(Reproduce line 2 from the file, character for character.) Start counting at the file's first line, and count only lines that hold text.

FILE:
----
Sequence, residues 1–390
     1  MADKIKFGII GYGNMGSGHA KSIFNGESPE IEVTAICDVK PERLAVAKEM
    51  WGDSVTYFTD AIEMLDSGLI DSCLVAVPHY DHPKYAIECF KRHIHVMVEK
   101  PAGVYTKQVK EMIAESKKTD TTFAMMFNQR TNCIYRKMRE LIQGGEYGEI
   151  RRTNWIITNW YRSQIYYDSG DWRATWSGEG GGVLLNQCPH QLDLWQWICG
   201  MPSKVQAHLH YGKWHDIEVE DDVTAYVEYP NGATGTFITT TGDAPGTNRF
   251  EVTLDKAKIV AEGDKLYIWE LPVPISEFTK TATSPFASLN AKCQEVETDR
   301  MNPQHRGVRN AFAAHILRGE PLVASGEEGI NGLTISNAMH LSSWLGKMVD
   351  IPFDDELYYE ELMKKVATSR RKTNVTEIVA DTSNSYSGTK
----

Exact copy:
     1  MADKIKFGII GYGNMGSGHA KSIFNGESPE IEVTAICDVK PERLAVAKEM